In the same way, when sin and impurity comes into God’s presence, does God get dirty, like your shirt? No, His holiness consumes sin like fire. Those who come into God’s presence must be holy for their own protec- tion. We must be clean and pure to come before Him, or His holiness will consume us in our sin.

David describes the sort of person who can come before God. “He who has (1) clean hands and (2) a pure heart, who (3) does not lift up his soul to an idol or (4) swear by what is false.” (24:4).

These four qualifications should make us more than a little uncomfortable. First, those who come before God must have clean hands. This speaks of our actions. We cannot come into God’s presence with hands stained by wrong things we have done. Along with clean hands, we must have a pure heart. It is not enough to be clean on the outside; we must be clean inside as well. Our thoughts, intentions, and motives must be pure.

Imagine if people could read your thoughts. What if everything you were thinking were broadcast for every- one to see? Yet God does see each thought that passes through our minds. He knows what we are really thinking. And this holy God who owns us and made us requires that we be pure inside!

The first two qualifications focus on purity, and the third and fourth qualifications focus on truthfulness. We must not lift up our soul to what is false. This has to do with out hearts. The expression “lift up his soul” basi- cally means to trust in something. This is what it means at the beginning of the next Psalm. Psalm 25:1 and 2 says, “To you, O Lord, I lift up my soul. O my God, in you I trust.” When we “lift up our soul to what is

exaggeration, and yes, outright lying. This includes our spoken words, our written words, our texted words, our emailed words. God requires that those who enter His holy place be truthful.

Question: Where in your life have you trusted in lies? Question: Where in your life have you not been truthful?

When we look at these four qualifications, how do we measure up? Who could dare to say that they do not have the slightest stain of sin on their hands, that their thoughts are always pure, that they have never trusted a lie to protect them, and that they always tell the truth? These qualifications, if we take them seriously, show us that we have a huge problem.

Question: Do you feel qualified to enter Heaven?

If we are believers, we should never allow ourselves to forget our own sinfulness and the fact that we once stood guilty before God. Years ago I read a quote by John Stott that I have never forgotten. He said, “Until we see the cross as something done by us, we will never see it as something done for us.”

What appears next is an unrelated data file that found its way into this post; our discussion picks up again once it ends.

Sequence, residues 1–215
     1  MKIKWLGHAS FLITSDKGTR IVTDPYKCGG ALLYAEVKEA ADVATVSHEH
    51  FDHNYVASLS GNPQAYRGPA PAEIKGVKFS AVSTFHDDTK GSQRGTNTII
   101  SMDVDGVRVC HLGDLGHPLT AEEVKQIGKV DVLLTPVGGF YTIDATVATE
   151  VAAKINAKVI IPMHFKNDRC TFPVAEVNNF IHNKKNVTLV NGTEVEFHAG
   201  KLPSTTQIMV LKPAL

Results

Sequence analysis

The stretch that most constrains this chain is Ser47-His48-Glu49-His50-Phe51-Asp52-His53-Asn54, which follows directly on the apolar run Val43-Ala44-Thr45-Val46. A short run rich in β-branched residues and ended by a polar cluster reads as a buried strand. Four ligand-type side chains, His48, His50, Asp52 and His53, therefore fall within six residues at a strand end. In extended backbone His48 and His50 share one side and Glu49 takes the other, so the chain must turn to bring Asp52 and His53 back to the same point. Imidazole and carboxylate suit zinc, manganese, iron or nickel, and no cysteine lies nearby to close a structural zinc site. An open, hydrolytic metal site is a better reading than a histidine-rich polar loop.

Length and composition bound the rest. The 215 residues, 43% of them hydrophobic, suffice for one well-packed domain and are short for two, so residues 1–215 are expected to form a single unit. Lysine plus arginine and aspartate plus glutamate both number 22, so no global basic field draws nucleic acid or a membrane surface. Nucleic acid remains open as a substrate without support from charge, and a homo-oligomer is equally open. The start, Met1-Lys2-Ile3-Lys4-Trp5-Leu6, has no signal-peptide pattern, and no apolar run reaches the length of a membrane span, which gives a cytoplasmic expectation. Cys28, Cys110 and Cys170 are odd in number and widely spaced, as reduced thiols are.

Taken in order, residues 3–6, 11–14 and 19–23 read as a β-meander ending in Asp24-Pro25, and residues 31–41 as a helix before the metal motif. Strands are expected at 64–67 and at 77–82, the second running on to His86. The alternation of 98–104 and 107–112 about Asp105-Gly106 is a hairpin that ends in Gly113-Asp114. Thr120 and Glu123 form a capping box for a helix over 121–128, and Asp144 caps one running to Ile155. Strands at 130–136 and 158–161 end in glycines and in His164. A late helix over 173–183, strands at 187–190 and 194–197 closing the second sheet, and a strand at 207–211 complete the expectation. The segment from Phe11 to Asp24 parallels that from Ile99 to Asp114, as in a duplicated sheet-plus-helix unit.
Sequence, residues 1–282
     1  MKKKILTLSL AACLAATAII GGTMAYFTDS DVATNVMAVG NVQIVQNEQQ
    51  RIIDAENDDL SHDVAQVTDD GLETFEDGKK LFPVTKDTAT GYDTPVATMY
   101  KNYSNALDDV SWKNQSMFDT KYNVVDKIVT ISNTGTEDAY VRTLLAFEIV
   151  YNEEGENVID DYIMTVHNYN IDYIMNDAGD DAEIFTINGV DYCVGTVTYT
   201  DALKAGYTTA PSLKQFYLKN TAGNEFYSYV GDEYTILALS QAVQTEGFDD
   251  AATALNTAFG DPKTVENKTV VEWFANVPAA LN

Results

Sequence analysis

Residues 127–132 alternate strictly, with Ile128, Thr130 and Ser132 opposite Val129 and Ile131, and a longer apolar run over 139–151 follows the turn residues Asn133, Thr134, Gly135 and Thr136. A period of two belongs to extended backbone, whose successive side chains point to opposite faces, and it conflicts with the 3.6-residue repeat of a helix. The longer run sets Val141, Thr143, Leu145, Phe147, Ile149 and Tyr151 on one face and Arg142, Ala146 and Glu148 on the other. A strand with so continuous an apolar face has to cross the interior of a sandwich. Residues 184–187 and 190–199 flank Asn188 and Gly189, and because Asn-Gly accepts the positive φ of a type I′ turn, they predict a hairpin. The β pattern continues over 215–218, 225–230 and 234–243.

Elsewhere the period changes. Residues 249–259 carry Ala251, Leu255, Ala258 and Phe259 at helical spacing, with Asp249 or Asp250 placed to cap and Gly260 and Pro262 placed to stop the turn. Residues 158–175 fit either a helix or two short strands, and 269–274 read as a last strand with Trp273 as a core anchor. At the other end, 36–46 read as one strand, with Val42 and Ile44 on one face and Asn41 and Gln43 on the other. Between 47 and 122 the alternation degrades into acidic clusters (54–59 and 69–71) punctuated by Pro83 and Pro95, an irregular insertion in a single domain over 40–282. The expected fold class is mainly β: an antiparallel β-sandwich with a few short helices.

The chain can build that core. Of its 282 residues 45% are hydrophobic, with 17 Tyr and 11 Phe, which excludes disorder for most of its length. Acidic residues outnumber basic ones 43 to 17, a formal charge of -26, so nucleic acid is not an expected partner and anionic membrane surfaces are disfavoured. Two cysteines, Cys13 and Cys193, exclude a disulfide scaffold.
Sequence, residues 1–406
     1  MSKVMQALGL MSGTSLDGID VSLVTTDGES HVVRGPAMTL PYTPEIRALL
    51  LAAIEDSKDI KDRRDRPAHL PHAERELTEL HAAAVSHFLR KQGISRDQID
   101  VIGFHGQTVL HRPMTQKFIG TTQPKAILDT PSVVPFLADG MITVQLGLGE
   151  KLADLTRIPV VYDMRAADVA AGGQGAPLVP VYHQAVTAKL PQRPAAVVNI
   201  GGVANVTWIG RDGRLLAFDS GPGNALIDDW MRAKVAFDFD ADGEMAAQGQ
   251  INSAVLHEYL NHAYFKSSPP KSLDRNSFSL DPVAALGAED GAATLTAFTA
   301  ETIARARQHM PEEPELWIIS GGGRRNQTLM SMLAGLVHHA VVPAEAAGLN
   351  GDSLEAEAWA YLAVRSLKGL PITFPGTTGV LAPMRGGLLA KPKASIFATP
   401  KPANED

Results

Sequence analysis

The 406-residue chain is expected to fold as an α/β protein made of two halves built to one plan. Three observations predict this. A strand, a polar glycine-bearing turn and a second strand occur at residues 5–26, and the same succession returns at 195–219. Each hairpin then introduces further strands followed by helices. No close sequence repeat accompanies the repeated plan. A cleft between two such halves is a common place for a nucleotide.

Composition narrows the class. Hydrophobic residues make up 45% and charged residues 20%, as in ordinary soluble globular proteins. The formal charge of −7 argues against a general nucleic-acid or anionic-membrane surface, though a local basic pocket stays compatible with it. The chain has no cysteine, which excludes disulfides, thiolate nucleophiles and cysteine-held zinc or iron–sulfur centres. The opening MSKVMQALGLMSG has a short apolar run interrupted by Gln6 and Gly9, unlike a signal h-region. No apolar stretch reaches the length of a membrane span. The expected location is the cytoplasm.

I had never thought to pray for a deeper sense of my own sin. But Stott is right. The more we see the depth of our sin, the more we will see the height of God’s love. When we know we have been forgiven much, we will love Him much. Seeing our sin should make us more grateful than ever for the cross.

These are the qualifications for being morally fit to enter Heaven. Can you say that your hands are clean and your heart is pure? God knows and you know that you have sinned. What will you do? You can ignore God’s qualifications today, tomorrow, and until the day you die, but then you will face your Maker, and what will you do? If you are not a believer and you know your sin will keep you from Heaven, you are ready to hear about Jesus Christ.

We read in the Bible that Christ was the only man who has completely lived up to God’s qualifications. Clean hands? The Bible says that Christ committed no sin (Hebrews 4:15).
Pure heart? The Bible says that He was “full of grace and truth” (John 1:14).
Trust in God? The Bible says He “entrusted Himself to God who judges justly” (1Peter 2:23). Truthful? The Bible says that no deceit was ever found in His mouth (1Peter 2:22).

So Christ alone met these four qualifications. And as our text promises, He received “blessing from the Lord and righteousness from the God of his salvation” (Psalm 24:5). The Resurrection was God’s great vindication of His sinless Son.

The good news for us today is that Jesus Christ did not meet God’s qualifications just for Himself. He came to make you and me qualified to come into God’s holy presence. The Scriptures say, “For our sake God made him to be sin who knew no sin, so that in him we might become the righteousness of God (2 Corinthians 5:21).

It is encouraging to know that our hope for the future and our moral fitness does not come from anything that we have to try and do, but it comes completely from what Jesus has done for us.